Smithsonian

Artifact & Document Analysis

Artifacts and objects give history its tangible form. Our picture of the past would remain disappointingly vague in the absence of material evidence. How, for example, would we envision the perilous transatlantic flight of Charles Lindbergh in 1927 if we could not see The Spirit of St. Louis? The millions of visitors who have examined this airplane in the Smithsonian's National Air and Space Museum have an intimate sense of how primitive that aircraft was by modern standards.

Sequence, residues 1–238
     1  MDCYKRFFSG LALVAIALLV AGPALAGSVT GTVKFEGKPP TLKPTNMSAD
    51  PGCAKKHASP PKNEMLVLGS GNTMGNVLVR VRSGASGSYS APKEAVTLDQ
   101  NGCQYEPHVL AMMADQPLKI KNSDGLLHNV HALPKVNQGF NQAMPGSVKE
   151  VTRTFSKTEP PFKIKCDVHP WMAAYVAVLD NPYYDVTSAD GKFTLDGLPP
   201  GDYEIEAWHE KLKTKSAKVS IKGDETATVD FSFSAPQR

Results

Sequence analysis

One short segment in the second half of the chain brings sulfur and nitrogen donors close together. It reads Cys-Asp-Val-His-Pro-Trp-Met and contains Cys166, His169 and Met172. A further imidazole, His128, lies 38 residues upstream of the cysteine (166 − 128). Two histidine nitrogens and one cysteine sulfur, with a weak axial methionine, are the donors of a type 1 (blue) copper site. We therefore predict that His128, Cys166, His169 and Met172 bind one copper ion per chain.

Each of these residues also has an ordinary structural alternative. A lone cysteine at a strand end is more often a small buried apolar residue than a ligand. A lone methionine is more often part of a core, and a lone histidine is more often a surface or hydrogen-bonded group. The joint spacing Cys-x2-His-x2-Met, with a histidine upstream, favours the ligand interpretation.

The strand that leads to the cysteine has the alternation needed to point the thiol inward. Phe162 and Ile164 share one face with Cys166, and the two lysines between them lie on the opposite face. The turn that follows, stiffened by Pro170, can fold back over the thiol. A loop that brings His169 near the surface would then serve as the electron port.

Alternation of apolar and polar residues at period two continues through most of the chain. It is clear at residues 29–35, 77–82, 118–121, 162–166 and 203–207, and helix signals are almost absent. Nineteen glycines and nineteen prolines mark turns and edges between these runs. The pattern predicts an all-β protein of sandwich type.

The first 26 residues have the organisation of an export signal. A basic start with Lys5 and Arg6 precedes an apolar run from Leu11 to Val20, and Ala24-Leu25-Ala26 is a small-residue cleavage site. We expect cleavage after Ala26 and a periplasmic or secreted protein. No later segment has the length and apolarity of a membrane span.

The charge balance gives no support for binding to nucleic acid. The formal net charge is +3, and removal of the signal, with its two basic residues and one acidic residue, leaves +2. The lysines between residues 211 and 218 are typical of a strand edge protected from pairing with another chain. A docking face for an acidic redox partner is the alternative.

Or consider how little sense we would make of Francis Scott Key's verses about a battle in 1812 were it not for the Star Spangled Banner itself, now housed in the National Museum of American History. This huge banner inspired the national anthem of the United States and invites awe due to its monumental scale.

In both of these instances, artifacts actually help us understand history. Objects are as important and useful as are letters and other documents; all of these are the primary sources of history.